Overcome Challenges with Resilience: Reflective Intelligence
Purpose: Strengthening reflective intelligence may improve response flexibility by helping someone to reflect on an experience before choosing how to respond.
Reflective intelligence involves examining patterns of thinking that can derail resilience, but not getting stuck or overwhelmed by processing them. Remembering that everyone changes, grows, and evolves throughout life may decrease worry and help someone return to their baseline of equanimity as they respond and wait for a challenging time to pass. The secure inner base that was developed in previous resiliency practices can now help someone choose how to respond to life's challenges.
There are seven mindfulness practices that can help someone be aware of what is happening and choose how to respond:
Pausing and becoming present may help someone reflect on what is happening in the moment.
Noticing and acknowledging an experience may provide someone with the opportunity to be aware that they are having an experience, even if they do not understand what is happening yet.
Tolerating and accepting that an experience is occurring may then provide someone the space to work through what is occurring.
Observing the experience and reactions to the experience may help someone get in touch with their emotions. For example, someone may observe that anger is present without considering themself to be an angry person and without responding with anger.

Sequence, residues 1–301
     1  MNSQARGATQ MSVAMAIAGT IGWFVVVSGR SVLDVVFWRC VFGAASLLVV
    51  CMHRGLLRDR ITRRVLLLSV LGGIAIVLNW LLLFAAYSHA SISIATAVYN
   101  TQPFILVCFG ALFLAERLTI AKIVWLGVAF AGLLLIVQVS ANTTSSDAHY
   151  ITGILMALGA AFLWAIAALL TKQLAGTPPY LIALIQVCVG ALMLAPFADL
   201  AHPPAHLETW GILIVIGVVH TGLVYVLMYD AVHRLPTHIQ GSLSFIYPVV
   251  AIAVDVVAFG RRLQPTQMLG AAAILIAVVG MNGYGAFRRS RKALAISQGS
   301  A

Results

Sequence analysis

Reflecting on thoughts, beliefs, assumptions, values, or identities that come into conscious awareness during an experience may then help someone observe mental processes without being stuck in them.
Managing options of response may then help someone choose a way to respond while perceiving possible consequences of each response option.
Being able to choose wisely based on values and an internal compass may then help someone respond resiliently to the challenging experience.
Reflective intelligence is the fifth subtopic within the WavyFields topic of “Overcome Challenges with Resilience” Please review the first four subtopics, “Somatic Intelligence,” “Emotional Intelligence,” “Relational Within the Self Intelligence,” and “Relational with Others Intelligence” before proceeding to the Practice section below.
Practice: These practices may help someone to strengthen reflective intelligence.
Reflecting and Shifting Mental Patterns
Conditioning: Bringing awareness to a long-held mental pattern allows for the pattern to be inspected and shifted.
Practice: Identify a long-term mental pattern, such as a pattern of thinking, mood, belief system, or identity. For example, someone may identify as an angry parent or a shy student, and use that lens to influence how they respond to different situations. Sometimes a pattern is so ingrained in a belief system that one does not even notice how it influences day-to-day life. Next, reflect on the pattern and ponder questions such as, how long it has been present, whether there was a time when the pattern wasn’t present, and how it has changed over time. Choose another pattern to reflect on, and continue this process.